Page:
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Composing, for me, is an almost entirely intuitive process.
First of all because the impetus to compose seems to arise beyond my will – ideas enter the mind, asking to be elaborated.
Secondly, because in the process of composing, this non-volitional aspect, and only that, keeps me going. It implies the emotion of finding a solution almost by surprise - the almost childish joy of receiving a gift. I surely do a lot of thinking. But this is a kind of soul searching. At my most desperate, I am constantly willing the non-volitional.
This means, that, thirdly, I cannot envision any kind of rational process that would help me to compose. I mean, a rational musical process. There are no doubt a number of rational things to do: not worrying, eating in time, not taking alcohol; or rather observing your non-volitional self and not wanting everything at once, and feed it the right sorts of information, and avoid the wrong ones. And the hardest (to me), and perhaps the most rational: keep working. A very important discovery was that if I falter, to work over my own music helped the inspiration - a kind of self-correction or self-improvement.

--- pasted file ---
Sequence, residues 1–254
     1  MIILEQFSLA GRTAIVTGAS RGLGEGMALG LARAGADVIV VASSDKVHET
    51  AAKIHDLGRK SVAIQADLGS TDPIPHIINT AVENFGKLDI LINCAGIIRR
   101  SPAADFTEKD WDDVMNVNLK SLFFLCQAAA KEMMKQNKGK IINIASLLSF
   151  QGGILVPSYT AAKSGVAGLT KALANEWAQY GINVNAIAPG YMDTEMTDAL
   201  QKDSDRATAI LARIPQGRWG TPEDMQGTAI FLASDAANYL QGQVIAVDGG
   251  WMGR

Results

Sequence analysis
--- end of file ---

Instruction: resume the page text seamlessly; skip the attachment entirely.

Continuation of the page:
For intuition to become truly poetic, that is, a making and not a receiving, you have to take it gently and then wring its neck and see how it fights back.
I think most of the composers I admire were like this. Even a great craftsman like Brahms writes that ‘a thought, an idea, is simply an inspiration from above, for which I am not responsible, which is no merit of mine…”
But you might kill the intuition in the proces. When Sylvia Plath writes about the ‘stillborn’ who, in their ‘pickling fluid’, ‘are not even fish’, seemingly alive but dead in fact, she may not have been talking about her actual fnished poems and her sense of their failure. She might just as well speak about holding the gifts of invention far too tight and so smother them out of sheer hot desire.
Another, tragic way of killing your darlings.
From a spoiled child, you might become a failed parent.
Unless you do not quite simply go on working. As Brahms continued, “Yes, it is a present, a gift, which I ought even to despise until I have made it my own by right of hard work.”
But what is this hard work other than a constant pressure on intuition to make the gift grow and ripen?